The 2012 Winner of the Anam Cara Short Fiction Competition
The latest Anam Cara writing competition was announced in Poets and Writers Magazine and on their web site (http://www.pw.org/content/anam_cara_writer_s_and_artist_s_retreat). It was a short fiction competition, the prize for which is a workshop retreat or a 10-day residential retreat at Anam Cara. Entries were to be no longer than 500 words and as yet unpublished, in print or online. The deadline for submissions was Bloomsday, 16 June 2012, and the winning writer and story announced today, 1 August 2012
Many thanks to all those who entered. The quality of the submissions was very high, making the judging difficult and the selection of the long and short lists and the winner a lengthy and painstaking process. In recognition of the superb level of writing, the names and homeplaces of the authors on both the Short and Long Lists, as well as the winner, are included below. Many thanks, also, to Vanessa Gebbie* for taking on this daunting task.
The winning story is:
Matters of the Mountain by Leo Cullen from Monkstown, Co. Dublin, Ireland
That I had an accident on a hill within sight of the mountain. That my car tried to mount the hard shoulder but had to surrender to it, lurched then toppled over and as it did so the driver door flew open and I fell out in such a way that when the car had settled on its side it had fallen on top of me. I’m not making this up; I’m not making anything of it, just that it happened. And that I had gone into a coma and that shock had left me and that the car’s engine was still running, while down the hill a half a dozen houses down my wife making our bed was worrying vaguely; our boy and girl were in their cots asleep, the younger of whom in the morning would be practising his upright stand for the rising sun, and the elder one who would not be practising her next stage of development – the art of speech – having chosen to remain mute, as every day on wings of surrender I’d whispered in the seabed of her ear: ‘Wait till you come into your Force and then you’ll talk.’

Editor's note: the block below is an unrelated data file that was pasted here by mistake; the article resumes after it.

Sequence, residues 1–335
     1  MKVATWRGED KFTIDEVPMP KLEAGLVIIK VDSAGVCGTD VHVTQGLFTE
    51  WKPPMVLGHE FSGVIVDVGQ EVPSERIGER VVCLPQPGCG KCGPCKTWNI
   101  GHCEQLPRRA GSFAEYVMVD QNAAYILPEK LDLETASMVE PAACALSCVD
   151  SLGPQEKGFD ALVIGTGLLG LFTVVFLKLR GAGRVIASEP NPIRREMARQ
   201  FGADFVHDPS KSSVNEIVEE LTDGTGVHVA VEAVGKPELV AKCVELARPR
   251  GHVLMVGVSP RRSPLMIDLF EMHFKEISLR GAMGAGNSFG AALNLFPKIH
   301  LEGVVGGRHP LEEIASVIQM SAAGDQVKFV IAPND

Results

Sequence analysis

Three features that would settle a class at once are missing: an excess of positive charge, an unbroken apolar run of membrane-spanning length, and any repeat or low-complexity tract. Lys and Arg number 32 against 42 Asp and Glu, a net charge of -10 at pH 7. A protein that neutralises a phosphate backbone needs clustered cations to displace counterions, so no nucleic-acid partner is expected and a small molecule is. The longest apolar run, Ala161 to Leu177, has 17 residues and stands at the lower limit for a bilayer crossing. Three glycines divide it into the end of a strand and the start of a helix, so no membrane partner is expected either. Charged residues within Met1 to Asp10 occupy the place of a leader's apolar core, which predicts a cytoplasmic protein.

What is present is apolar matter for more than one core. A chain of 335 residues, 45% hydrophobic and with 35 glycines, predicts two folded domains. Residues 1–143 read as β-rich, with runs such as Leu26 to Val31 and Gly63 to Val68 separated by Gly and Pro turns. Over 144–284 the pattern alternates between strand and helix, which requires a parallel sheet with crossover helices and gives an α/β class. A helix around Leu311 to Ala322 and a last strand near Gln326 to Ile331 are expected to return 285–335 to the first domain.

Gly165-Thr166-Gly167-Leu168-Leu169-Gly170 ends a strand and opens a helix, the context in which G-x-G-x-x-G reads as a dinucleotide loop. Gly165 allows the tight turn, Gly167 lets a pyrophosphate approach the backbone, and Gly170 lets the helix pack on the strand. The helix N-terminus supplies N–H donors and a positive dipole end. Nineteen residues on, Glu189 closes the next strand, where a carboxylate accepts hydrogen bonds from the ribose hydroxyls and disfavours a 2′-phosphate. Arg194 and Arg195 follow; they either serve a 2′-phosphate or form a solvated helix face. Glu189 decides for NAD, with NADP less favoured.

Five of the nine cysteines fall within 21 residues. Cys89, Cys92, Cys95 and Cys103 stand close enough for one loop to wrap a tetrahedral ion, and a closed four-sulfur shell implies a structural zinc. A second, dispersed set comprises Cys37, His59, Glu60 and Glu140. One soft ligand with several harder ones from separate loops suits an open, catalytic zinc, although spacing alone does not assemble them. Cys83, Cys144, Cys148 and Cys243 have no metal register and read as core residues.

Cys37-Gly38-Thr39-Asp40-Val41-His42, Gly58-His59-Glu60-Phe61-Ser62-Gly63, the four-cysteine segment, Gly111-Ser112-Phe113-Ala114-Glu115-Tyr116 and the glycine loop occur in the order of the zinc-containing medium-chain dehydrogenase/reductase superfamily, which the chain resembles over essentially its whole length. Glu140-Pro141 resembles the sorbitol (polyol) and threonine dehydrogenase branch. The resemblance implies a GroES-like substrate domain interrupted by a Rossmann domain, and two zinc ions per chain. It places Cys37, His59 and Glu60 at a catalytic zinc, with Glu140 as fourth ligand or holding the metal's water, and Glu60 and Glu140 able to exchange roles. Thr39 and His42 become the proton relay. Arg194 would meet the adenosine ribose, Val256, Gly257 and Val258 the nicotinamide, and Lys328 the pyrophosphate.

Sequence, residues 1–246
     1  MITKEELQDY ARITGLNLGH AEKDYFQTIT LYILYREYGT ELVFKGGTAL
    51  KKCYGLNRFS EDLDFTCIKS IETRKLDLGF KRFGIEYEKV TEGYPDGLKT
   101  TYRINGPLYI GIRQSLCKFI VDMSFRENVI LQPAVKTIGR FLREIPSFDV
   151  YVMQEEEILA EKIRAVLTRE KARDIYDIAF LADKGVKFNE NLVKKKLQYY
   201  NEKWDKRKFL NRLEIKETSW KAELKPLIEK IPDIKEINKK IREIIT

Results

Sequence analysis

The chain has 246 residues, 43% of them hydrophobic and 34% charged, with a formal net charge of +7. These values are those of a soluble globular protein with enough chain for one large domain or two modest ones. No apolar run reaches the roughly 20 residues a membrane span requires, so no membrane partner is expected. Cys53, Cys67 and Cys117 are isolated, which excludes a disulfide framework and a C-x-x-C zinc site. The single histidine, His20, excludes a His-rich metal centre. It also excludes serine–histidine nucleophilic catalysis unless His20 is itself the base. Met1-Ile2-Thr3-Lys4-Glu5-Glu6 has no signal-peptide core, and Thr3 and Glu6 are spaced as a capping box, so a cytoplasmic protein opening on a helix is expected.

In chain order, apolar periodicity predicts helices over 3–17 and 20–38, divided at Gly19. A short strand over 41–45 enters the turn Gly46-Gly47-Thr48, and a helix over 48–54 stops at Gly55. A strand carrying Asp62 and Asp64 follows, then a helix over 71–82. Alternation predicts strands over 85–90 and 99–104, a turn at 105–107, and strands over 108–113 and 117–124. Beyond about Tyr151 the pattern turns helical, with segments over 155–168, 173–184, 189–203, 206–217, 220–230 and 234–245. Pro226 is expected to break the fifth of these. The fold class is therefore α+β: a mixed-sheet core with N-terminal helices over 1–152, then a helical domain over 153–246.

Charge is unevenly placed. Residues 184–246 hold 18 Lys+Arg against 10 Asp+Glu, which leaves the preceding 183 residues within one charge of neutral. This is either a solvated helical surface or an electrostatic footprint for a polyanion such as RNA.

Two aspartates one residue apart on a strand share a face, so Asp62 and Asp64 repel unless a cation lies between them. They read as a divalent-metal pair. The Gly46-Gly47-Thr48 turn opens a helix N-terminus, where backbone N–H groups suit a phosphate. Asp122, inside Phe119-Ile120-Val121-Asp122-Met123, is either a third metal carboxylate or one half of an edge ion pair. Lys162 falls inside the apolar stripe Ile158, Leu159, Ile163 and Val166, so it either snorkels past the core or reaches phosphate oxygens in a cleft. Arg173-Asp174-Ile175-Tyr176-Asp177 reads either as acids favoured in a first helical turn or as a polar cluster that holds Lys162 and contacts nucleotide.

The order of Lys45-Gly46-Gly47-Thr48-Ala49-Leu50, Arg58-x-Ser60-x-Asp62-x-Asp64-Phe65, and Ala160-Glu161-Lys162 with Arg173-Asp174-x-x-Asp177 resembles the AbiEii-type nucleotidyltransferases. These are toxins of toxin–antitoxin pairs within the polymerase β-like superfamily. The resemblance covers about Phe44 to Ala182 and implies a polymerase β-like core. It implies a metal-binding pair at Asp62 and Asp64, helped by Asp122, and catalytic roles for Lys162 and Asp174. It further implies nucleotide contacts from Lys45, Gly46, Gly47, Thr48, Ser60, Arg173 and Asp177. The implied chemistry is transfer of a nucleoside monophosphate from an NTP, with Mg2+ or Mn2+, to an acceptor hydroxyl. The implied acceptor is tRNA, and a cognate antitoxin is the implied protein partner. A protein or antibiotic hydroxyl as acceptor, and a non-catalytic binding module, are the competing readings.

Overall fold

I’m not making anything of it but I know that at that time always on my way home from work, whether having taken drink or not, whether having received rebuke from my horse trainer employer or received praise, whether having stolen hay for my own backyard dream horse or having failed to, I always looked over at the mountain, distant some days, some days near, always I looked, as I came over the hill and turned the bend before which this evening my car had taken its own course and thrown me out, and always it was as if the mountain offered me greeting, or I offered it prayer.
And of Danny Fitzgerald, pedalling up the hill on his racer and thinking that once he’d got to the top he would freewheel down the other side, his trousers flapping, and not that instead he would see a capsized car and then my head wedged between car and ground so that the car could not lie flat on its side, and that he would throw his bike in the ditch and tilt the car somehow with one hand and with the other pull my body out by my hair, lengthwise like he might deliver a calf - how it slides through its mother’s fluids into life and light to begin its days in a frolic beneath the gaze of a mountain that is also otherwise engaged with releasing streams for making rivers, I’m not making anything of that either.
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Here Vanessa comments on the competition and the winning story:
Reading every entry for this competition was a great privilege. Anam Cara Writer’s and Artist’s Retreat is a wonderful place; I have taken my own work there several times a year since 2005, and it has become extremely important to my writing journey. Ten whole days here is a very special prize indeed, the sort of experience that could change the life of a writer.